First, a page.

*AR – Wolf Notes

Wolf Notes

*AR is the “collective pseudonym” of Autumn Richardson & Richard Skelton, and “Wolf Notes”  is their first abum together.

But *AR is also “an archaic place-name element found in river names. (…) It is thought to mean ‘starting up, springing up, setting in motion’ “. 

A further quote from the liner notes explains what this music is about:
It “is inspired by the landscape of Ulpha – a region of spare, rugged beauty in the west uplands of Cumbria, in Northern England. Wolf Notes derives its title from the word ulpha itself, while it is understood to mean ‘the hill frequented by wolves’.”

On a different level, ‘Wolf Tones‘ also refers to overtones that are produced on bowed string instruments when a note matches the natural resonating frequency of the body of the instrument, ‘producing a sustaining sympathetic artificial overtone that amplifies and expands the frequencies of the original note’.
It may be just a coincidence, but I like this description because it also seems to describe the effect of this music resonating with the listener ( – although in performing music wolf tones are generally unwanted).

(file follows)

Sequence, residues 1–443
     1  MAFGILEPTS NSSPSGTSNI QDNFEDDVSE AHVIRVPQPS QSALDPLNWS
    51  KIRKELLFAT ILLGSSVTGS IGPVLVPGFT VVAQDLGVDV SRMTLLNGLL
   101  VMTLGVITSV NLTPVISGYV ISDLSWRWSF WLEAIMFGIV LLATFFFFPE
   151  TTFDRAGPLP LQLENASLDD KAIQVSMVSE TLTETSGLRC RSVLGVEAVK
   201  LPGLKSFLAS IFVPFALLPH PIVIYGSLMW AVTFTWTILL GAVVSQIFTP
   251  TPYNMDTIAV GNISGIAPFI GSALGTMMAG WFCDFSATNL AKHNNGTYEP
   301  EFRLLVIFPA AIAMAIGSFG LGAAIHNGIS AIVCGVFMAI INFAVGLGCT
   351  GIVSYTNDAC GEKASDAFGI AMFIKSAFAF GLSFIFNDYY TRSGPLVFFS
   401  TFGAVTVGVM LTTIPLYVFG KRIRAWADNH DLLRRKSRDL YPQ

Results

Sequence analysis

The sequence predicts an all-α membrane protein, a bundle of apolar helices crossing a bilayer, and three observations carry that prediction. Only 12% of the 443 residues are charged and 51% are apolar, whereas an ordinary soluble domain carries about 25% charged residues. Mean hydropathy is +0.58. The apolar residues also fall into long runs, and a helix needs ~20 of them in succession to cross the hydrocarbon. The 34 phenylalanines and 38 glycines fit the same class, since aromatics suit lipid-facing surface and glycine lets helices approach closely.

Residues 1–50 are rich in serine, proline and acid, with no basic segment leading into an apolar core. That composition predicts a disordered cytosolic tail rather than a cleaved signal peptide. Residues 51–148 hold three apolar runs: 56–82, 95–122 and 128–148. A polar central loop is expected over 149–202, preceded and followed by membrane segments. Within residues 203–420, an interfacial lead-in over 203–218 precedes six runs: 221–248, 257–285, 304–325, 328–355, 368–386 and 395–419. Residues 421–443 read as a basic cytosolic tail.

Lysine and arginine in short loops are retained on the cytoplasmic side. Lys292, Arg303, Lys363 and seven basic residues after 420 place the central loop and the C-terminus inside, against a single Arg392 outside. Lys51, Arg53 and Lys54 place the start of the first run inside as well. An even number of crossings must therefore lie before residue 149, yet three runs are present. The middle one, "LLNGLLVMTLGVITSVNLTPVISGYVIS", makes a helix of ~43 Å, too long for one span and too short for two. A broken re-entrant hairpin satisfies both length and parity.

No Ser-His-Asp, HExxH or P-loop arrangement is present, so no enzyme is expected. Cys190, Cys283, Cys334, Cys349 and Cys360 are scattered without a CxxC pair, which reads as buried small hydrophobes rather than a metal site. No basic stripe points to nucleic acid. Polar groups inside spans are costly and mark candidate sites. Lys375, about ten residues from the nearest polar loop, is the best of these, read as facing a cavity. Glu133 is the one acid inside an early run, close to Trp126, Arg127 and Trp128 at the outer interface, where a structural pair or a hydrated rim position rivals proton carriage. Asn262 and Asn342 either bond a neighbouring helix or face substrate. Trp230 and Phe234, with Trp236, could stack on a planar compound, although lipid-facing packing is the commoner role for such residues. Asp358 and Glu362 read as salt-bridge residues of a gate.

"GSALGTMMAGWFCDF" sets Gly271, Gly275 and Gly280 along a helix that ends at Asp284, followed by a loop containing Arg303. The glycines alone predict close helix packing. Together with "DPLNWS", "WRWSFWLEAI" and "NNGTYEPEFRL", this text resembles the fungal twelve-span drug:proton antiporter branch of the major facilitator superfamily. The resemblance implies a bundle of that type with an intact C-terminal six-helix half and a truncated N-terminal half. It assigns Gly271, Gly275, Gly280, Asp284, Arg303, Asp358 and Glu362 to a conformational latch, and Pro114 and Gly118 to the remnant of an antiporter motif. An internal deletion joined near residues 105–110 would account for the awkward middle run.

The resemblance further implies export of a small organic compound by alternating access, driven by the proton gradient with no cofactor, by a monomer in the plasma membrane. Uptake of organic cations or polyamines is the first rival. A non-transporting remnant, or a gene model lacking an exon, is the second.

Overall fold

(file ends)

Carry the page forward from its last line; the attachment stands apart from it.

The music on this album is every bit as delicate as the beautiful letterpressed package is.
And besides that, the music is also every bit as English as you’d expect from reading the description in the liner notes.
In fact you can easily imagine following a mysterious woman’s voice, through landscapes unknown, wondering if the voice may be real or not.

Wolf Notes is divided in five different parts.
The first four are in fact one continuous composition with parts called Inception, Rise, Decline and Rest.
The closing piece is then called Return, and has a different theme but the same mysterious overall feeling.

The minimal background music, thoughtfully crafted by Richard Skelton mainly on multilayered string instruments, slowly unfolds from absolute quiet, and it takes a while until Autum Richardson‘s voice becomes apparent and slowly takes over the melody.
Her voice is beautiful, ethereal but clear, repeating a wordless theme and some variations, until slowly fading back to silence in ‘Rest’.

The landscape of Ulpha, Cumbria must be fascinatingly beautiful indeed!

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